Consider a trip to the cinema. We might see others happy, smiling and delighting in the crunchy texture of the popcorn as they munched and chewed (whilst continually scraping the box), excitedly grabbing a handful of the light, fluffy treats. Yet my client described how a visit to the cinema can become torturous and a source of dread. To misophonia sufferers, there can be a sinister undertone. This is how one person described it (

‘A misophonic reaction is so strong and so instantaneous that, honestly, the only other emotion I can compare it to is that moment when someone tells you that a person you love has died. That gut wrenching, heart stopping, shortness of breath feeling, that you can not possibly control or stop from occurring. This is how intense the reaction to hearing a trigger sound can be. However, instead of that hollow grief that comes from such news, it is instead a burning anger, a completely alien level of rage. I am not a violent person… I would never dream of hitting a person or causing them harm, but a trigger will make me want to lash out, my cognitive processes go from perfectly normal to phrases such as ‘I wish you’d just die’ or ‘why the hell are you making that noise, I’ll make you stop’… along with some often very violent imagery.’

My client held a similarly distorted belief that others were being rude and making these sounds on purpose. This would instil anger, rage, and an intense desire to yell at these strangers to stop eating. The ‘fight or flight’ response would kick in: their heart would race, muscles would tighten and they would be forced to leave the cinema without having watched the film. 

With family outings such as these a no-go, misophonics may seek refuge in their own company, as it’s the sounds that are created by other individuals, rather than sounds misophonics make themselves, which appear to provoke such negative feelings and reactions. They remove themselves from others and the social situations which they view as being the cause of their distress and urges to lash out. There’s often a disconnect with family members, relationship breakdowns (as partners may fail to understand the behaviour of their loved one), loss of employment and a terrible sense of isolation.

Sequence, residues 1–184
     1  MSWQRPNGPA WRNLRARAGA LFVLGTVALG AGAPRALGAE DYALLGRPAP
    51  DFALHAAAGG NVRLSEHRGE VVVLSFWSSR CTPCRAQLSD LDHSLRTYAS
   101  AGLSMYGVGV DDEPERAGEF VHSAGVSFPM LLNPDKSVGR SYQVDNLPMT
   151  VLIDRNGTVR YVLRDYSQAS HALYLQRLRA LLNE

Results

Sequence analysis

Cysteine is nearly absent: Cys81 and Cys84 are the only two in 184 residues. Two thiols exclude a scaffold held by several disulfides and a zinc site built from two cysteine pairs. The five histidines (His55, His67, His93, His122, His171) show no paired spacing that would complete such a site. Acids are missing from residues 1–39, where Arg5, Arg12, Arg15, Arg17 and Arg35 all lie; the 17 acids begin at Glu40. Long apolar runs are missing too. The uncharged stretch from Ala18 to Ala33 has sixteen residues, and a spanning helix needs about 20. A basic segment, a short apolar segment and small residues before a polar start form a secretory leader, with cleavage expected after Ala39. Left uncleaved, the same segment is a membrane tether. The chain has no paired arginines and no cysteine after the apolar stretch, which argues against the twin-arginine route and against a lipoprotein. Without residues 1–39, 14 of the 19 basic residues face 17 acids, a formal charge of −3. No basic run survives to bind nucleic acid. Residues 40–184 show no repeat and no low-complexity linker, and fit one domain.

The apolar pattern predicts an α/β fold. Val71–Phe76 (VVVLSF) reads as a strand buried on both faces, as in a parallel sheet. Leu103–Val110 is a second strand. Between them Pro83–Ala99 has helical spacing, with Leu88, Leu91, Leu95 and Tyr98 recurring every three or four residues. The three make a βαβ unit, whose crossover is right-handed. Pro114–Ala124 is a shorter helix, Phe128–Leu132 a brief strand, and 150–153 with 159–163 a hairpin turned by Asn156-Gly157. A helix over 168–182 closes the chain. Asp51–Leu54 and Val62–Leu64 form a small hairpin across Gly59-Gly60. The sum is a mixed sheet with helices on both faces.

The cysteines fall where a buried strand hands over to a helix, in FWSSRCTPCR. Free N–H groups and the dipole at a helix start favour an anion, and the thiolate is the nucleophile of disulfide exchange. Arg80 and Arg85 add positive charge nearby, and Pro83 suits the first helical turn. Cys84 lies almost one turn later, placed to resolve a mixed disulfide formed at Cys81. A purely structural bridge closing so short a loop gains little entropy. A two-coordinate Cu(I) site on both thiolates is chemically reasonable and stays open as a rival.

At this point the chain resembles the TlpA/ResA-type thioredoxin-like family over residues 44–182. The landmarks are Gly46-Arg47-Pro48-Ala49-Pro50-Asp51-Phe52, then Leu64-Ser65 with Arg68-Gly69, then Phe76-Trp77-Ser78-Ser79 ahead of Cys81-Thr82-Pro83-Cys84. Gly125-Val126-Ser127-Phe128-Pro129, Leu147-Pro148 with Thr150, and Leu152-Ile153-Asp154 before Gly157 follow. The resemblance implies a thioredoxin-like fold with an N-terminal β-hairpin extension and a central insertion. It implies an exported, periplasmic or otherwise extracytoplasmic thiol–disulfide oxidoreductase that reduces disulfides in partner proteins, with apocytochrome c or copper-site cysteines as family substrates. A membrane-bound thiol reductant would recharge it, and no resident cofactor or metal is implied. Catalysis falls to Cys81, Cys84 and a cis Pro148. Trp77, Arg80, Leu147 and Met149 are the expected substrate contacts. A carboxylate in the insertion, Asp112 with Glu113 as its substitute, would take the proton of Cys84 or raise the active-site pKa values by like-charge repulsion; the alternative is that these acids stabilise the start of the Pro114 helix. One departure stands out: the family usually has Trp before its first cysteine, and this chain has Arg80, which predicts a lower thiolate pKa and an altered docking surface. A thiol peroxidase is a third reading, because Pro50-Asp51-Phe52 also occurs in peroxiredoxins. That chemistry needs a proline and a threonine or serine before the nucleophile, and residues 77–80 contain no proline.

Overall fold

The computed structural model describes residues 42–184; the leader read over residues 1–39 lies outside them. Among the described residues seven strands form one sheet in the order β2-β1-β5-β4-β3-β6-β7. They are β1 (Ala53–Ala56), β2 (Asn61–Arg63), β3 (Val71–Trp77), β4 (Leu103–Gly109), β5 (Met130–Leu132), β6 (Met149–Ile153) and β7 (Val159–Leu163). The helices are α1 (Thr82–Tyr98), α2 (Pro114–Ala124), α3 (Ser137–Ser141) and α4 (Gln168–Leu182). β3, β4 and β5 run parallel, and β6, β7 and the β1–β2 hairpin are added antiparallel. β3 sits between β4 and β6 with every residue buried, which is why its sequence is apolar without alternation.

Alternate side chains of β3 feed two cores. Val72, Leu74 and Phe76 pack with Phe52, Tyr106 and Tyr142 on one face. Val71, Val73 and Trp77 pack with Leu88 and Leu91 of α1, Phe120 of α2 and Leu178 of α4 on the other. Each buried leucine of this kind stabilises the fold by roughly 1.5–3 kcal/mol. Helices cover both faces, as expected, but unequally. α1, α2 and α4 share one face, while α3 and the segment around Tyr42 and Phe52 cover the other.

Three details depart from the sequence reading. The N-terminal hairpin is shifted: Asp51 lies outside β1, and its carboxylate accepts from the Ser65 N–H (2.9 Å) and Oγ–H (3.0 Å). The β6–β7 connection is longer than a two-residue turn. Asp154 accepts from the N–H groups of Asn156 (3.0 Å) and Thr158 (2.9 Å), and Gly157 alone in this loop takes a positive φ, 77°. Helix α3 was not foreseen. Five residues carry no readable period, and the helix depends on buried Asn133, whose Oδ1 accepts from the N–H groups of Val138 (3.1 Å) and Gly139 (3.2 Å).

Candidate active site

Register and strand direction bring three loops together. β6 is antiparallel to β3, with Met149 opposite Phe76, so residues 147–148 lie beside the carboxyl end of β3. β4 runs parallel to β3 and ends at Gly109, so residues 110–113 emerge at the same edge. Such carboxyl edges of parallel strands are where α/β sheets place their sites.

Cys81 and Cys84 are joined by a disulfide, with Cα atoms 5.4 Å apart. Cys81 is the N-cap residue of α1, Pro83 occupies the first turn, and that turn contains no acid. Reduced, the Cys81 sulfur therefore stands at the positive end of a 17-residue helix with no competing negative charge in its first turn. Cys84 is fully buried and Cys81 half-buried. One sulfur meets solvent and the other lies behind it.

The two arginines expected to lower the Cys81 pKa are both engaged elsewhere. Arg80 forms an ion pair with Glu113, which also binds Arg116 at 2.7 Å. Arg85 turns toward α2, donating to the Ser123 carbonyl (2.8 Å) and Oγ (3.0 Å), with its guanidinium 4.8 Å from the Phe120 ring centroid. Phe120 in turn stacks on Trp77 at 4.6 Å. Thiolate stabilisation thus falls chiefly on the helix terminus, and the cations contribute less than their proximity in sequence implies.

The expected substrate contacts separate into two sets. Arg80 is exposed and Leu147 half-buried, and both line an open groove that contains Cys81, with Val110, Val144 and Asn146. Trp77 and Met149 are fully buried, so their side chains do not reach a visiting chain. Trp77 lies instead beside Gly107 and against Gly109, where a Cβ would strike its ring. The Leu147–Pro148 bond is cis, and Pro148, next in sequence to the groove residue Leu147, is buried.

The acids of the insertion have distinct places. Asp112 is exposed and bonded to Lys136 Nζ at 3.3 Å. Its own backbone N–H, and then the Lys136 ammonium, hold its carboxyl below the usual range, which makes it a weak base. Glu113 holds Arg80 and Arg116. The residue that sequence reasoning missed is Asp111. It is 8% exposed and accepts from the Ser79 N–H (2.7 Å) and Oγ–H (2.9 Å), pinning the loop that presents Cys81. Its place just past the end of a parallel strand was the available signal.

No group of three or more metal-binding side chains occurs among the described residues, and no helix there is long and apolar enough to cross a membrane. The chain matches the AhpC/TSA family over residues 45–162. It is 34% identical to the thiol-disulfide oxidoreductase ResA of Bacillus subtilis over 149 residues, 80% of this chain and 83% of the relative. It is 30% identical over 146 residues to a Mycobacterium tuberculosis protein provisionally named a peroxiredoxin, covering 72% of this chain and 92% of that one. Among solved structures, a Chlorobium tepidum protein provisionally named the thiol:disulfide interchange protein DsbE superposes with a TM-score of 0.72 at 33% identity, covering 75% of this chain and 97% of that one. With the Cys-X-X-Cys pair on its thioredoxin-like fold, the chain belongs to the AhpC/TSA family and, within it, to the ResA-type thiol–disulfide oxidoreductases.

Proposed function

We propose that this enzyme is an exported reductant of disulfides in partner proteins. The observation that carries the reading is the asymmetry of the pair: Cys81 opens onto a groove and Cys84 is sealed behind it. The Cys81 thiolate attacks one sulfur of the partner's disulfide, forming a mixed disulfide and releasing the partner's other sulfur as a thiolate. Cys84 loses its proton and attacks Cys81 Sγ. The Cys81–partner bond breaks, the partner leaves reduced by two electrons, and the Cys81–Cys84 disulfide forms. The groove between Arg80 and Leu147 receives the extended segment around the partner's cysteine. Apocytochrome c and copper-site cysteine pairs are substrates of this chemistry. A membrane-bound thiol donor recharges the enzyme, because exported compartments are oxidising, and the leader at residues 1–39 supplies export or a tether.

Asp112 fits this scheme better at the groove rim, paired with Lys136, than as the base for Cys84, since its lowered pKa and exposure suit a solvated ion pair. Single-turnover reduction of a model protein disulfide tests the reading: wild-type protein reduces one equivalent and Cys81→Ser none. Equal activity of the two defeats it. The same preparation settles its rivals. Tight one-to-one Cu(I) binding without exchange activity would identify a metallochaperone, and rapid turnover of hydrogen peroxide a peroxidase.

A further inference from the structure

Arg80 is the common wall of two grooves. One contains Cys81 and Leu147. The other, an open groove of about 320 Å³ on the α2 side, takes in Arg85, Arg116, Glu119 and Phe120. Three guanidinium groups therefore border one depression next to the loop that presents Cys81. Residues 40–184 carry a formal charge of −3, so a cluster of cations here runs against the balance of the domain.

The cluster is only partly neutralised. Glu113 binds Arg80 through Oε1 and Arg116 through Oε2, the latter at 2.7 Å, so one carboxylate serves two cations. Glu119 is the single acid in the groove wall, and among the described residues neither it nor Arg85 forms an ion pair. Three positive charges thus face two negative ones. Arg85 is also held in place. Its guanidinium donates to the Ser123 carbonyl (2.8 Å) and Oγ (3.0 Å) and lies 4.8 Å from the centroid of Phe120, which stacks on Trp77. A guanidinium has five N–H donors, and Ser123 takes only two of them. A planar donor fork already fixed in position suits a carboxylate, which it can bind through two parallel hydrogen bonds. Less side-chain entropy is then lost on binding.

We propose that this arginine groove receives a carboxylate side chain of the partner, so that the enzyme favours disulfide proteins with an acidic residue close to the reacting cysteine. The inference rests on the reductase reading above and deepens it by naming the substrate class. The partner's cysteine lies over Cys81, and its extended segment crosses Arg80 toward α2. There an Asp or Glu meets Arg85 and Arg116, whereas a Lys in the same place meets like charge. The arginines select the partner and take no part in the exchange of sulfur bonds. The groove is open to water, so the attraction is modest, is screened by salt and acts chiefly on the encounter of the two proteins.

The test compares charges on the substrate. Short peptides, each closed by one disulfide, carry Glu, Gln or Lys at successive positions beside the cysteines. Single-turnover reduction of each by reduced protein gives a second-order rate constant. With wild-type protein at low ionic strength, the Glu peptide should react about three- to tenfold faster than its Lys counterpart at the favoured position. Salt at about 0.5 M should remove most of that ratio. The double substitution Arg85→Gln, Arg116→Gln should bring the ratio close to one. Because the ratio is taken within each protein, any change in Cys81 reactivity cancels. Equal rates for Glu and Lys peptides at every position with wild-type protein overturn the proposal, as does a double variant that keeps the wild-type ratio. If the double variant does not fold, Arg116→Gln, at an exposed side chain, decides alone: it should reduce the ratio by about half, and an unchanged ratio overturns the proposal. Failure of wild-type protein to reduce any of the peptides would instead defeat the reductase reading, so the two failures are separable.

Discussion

What we have here, then, is a serious condition that is often misunderstood/dismissed. In reality, it can have a devastating impact on an individual’s life which can lead to self-harm. As one participant explained in Rouw and Erfaian (2018, p.465): ‘…I just long to die and escape the unbearable torture’.

The quest to understand more

To help my client, I reached out to my supervisor. Whilst they had no clinical experience of this client group, they did recall an article that would be a basis for me to grasp the concept and engage with the client. As I cast my net wider for support from other colleagues, I was often met with strange glances and quizzical looks. That drew my attention to the lack of awareness around this topic and its embryonic status as a possible psychological disorder.